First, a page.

Critical success factors are the key areas where things must go right if any project is to be successful. These are the essentials that shape the result of projects. Research by Dimitrios (2009) highlighted different areas including the role of project manager, project team, the project itself, the organization and the external environment as the key success factors of project management.

Conceptual Framework

The conceptual framework of this research has been adopted from the research of Andersen et al (2006). In their research they used the PEVS-questionnaire (Project Evaluation Scheme), initially developed by Andersen & Jessen (2000) for testing progress and quality of individual projects using 70 statements accounting for the hard (technically focused) and soft (behavioural) issues of project management. It covers the following aspects of project work:

Scope: Work that needs to be accomplished

Planning: Detail planning, work breakdown structure.

Organization: Formal/Informal organization.

Execution: Items, events, results.

Control: Project execution tracking, Financial and quality controls.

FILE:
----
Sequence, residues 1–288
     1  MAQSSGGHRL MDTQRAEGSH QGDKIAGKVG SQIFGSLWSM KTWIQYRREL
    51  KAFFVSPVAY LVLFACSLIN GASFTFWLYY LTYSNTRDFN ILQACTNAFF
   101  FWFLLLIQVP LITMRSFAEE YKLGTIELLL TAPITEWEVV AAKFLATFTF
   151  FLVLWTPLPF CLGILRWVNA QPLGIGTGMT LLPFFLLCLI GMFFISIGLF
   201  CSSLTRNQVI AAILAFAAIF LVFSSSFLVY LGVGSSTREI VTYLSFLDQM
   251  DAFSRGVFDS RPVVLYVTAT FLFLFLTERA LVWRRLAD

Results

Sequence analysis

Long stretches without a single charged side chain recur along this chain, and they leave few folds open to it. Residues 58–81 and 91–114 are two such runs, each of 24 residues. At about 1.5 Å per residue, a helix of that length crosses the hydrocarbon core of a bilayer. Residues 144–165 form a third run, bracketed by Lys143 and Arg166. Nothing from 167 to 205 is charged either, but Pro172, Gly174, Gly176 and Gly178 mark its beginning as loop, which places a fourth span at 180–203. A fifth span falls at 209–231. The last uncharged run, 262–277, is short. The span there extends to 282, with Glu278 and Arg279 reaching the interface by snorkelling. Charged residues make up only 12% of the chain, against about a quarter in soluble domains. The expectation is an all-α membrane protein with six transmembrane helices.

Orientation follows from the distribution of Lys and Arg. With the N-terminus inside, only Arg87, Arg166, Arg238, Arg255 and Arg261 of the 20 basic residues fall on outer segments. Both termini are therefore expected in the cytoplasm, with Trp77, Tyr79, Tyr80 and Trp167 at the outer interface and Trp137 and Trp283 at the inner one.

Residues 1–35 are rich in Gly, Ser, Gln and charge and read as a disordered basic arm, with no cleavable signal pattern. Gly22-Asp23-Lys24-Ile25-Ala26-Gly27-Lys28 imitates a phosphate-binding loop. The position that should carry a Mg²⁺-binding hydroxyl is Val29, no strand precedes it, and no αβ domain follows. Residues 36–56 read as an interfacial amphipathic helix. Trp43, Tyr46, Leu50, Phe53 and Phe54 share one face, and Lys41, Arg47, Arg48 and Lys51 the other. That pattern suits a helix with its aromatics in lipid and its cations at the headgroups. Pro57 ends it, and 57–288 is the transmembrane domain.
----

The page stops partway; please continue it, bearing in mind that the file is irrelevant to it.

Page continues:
Using the PEVS questionnaire Andersen et al (2006) identified two set of factors that summarized the original seventy statements of PEVS-questionnaire into a manageable few categories of success factors and success criteria with the help of Principal Component Analysis (PCA) with Varimax rotation. Success factors were categorized into nine categories (X) and success criteria into three (Y). These variables include,

Under X category;

Rich Project Communications

Stakeholder endorsement of project plans

Well Structured and Formal Project Approach

Strong Project Commitment

Early Stakeholder Influence

Well Understood and Accepted Project Purpose

Clear Project Constraints

Project Execution Flexibility

Influence over ongoing project processes

Under Y category;

Project Impact

Captured Experience

Managerial Ability to Deliver

A stepwise regression of the X (the success factors) on Y (the success criteria) was performed to found the type and extent of the impact of project success factors on project success criteria.